CHICAGO - April 12, 2015 - The game-changing digital transformation of medicine is emerging into a new phase, according to Robert M. Wah, M.D., president of the American Medical Association (AMA), and there is reason for great optimism in the future of this evolution as the AMA helps physicians take on a greater role in leading changes that will move technological innovations forward.
In his keynote address to the 2015 Annual HIMSS Conference Innovation Symposium in Chicago, Dr. Wah discussed the AMA's ongoing work as we are heading into what he described as phase three of the digitization of medicine. Phase one involved the shift from paper to digital platforms, while phase two involved networking information and interoperability. Phase three of this evolution involves the analysis of data.
What we'll see emerging in the third phase are new capabilities to analyze digital data that will provide insights for efficient, high-quality care," said Dr. Wah. "In these rapidly changing times in healthcare, we will need agile technology to adapt and succeed. To harness these capabilities, physicians are leading new approaches for delivery and payment of medical services, and challenging regulatory barriers holding back the promise of information technology in health care."
New technologies by themselves are not meaningful in health care without the engagement of physicians, and Dr. Wah highlighted the AMA's commitment to proactive reforms in key areas with the goal of helping physicians harness innovation and using it in their practices. These reforms include:
- Applying lessons learned from the current regulatory framework to unlock innovation and the adoption of new technologies.
- Transforming electronic health record technology into the patient-focused tool it was always meant to be.
- Expanding the reach of telemedicine and remote patient monitoring technology to connect patients to their doctors.
"When physicians, policymakers, vendors and technology innovators work together, the power of technology can enhance patient care, improve productivity and efficiency and slow the rise in health care costs," said Dr. Wah.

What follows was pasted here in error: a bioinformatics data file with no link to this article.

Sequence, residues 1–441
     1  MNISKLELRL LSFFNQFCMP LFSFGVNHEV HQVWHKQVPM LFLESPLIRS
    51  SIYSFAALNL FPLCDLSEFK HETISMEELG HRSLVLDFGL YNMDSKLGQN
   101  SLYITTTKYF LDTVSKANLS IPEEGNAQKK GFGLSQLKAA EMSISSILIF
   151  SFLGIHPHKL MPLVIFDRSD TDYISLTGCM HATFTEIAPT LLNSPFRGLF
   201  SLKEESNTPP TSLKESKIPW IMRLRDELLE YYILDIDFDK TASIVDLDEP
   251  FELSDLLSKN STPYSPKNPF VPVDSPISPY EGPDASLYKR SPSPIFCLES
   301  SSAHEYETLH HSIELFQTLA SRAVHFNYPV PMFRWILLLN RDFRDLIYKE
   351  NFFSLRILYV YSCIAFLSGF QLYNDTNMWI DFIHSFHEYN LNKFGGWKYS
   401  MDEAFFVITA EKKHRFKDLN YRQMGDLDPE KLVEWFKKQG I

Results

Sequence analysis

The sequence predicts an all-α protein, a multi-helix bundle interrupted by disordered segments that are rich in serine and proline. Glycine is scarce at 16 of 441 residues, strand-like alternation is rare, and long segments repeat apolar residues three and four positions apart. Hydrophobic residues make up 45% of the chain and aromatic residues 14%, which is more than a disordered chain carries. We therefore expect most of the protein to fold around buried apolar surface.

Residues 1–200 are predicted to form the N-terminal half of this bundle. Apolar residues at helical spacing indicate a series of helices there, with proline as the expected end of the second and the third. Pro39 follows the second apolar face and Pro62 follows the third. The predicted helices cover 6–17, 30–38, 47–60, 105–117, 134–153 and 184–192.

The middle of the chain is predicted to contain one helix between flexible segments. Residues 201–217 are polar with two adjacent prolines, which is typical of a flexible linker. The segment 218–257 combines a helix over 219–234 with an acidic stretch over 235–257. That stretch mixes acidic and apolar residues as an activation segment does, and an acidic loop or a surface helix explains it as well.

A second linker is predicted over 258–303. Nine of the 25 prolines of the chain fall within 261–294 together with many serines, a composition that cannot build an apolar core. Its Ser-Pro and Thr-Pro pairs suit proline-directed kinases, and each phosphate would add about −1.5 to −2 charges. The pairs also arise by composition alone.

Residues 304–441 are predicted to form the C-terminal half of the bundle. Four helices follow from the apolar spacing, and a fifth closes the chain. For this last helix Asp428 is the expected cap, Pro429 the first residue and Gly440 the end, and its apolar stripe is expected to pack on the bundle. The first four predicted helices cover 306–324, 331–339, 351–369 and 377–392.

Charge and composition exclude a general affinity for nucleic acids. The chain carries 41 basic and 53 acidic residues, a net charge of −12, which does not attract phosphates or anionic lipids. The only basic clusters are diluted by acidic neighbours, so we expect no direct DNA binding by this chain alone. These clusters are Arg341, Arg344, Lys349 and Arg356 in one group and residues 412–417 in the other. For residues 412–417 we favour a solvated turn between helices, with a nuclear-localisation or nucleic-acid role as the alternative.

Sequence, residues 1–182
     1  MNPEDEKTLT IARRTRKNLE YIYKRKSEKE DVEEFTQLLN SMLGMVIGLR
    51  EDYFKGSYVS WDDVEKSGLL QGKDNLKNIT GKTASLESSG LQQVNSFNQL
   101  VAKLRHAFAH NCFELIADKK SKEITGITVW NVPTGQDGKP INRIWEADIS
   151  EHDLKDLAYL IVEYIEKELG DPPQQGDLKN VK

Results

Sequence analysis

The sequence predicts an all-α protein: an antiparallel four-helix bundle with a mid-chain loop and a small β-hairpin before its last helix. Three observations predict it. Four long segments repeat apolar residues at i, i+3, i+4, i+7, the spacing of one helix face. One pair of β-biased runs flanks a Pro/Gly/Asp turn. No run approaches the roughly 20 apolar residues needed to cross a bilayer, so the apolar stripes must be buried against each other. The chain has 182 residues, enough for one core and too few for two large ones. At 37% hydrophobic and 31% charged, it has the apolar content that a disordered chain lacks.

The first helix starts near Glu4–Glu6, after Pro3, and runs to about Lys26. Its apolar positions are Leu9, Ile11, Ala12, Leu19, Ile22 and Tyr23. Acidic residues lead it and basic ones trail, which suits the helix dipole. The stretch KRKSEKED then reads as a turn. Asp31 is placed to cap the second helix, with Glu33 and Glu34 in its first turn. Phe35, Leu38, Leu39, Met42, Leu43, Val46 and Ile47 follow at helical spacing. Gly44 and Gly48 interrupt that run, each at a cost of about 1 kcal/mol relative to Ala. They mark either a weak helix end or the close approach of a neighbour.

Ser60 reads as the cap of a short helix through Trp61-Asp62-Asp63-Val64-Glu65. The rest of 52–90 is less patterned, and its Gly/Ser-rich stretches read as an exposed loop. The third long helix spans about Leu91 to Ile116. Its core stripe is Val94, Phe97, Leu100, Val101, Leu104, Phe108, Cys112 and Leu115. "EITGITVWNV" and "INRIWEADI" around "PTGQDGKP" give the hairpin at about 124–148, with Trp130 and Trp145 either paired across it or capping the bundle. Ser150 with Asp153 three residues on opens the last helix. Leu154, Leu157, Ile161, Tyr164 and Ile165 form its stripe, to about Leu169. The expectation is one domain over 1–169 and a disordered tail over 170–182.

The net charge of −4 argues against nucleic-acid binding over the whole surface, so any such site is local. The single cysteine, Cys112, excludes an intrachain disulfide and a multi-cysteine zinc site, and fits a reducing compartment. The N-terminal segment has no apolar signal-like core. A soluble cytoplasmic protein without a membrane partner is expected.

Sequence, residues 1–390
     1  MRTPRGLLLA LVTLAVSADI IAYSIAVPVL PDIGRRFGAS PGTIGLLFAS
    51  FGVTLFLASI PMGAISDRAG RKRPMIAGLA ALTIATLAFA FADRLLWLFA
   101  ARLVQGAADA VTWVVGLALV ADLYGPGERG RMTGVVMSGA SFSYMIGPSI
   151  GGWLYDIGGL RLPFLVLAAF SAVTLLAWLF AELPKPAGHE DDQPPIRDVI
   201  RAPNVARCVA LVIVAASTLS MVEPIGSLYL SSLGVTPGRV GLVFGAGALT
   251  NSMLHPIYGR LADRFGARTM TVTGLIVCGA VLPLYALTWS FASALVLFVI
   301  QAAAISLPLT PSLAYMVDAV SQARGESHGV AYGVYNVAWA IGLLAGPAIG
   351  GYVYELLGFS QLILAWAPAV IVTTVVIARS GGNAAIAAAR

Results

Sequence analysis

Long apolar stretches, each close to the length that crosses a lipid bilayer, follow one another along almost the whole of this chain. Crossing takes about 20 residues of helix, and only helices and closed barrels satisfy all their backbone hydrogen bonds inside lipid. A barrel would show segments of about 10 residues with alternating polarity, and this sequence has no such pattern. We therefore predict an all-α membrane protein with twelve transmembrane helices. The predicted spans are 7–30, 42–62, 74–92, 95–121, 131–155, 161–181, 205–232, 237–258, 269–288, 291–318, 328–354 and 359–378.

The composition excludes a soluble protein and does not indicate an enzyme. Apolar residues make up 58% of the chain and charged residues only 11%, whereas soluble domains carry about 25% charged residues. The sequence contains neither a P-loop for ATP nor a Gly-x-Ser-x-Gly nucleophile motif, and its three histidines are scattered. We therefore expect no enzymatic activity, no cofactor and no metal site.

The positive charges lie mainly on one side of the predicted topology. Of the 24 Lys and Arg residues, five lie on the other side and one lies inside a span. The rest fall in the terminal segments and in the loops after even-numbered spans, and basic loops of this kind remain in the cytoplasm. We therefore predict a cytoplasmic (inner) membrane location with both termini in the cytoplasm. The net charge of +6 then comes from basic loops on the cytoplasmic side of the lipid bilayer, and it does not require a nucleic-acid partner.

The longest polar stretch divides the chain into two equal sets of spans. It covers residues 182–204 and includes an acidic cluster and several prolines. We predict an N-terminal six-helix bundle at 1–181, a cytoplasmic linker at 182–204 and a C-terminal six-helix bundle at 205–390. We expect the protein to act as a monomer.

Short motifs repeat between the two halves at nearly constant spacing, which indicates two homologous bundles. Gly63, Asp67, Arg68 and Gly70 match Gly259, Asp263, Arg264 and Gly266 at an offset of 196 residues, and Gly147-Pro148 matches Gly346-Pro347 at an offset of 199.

To help lead this ambitious change toward a better health care system, the AMA is taking a hands-on approach in collaborative efforts to reframe the capabilities of digital health technology that interferes with physicians' ability to provide first-rate medical care to their patients. Some of the AMA's collaborative efforts highlighted by Dr. Wah include joint initiatives with:
MATTER, a Chicago-based health care technology incubator, that will drive innovation by allowing physicians, entrepreneurs and industry experts to collaborate on the development of new technologies, services and products in a simulated health care environment.
RAND Corporation that has produced in-depth studies documenting physician experiences with various challenges to putting patients first, including electronic health records and the transition to new health care delivery and payment models.
Vendors, federal and state policymakers, health care systems and researchers that want to know more about AMA proposed framework to improve EHR usability and our blueprint to improve the Meaningful Use Program.
State medical associations and the Federation of State Medical Boards to support adoption of the Interstate Medical Licensure Compact and increase patient access to telemedicine services.
State medical associations to support rapid adoption of state laws that support telemedicine reimbursement and the expeditious adoption of clinically appropriate telemedicine technologies.